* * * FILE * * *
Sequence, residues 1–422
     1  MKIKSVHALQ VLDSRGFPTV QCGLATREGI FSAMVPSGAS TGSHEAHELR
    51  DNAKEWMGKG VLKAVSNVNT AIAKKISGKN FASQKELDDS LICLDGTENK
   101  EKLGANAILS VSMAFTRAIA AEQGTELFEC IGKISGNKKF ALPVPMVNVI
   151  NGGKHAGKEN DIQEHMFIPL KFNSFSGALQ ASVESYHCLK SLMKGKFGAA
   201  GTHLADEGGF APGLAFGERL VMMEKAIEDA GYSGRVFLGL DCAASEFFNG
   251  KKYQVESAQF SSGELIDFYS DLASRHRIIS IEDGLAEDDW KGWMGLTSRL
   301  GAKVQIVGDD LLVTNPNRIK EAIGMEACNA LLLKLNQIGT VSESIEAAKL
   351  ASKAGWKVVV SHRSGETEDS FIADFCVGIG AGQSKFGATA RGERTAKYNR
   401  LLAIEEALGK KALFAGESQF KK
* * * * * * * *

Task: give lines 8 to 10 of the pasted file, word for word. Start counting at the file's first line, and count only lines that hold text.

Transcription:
   301  GAKVQIVGDD LLVTNPNRIK EAIGMEACNA LLLKLNQIGT VSESIEAAKL
   351  ASKAGWKVVV SHRSGETEDS FIADFCVGIG AGQSKFGATA RGERTAKYNR
   401  LLAIEEALGK KALFAGESQF KK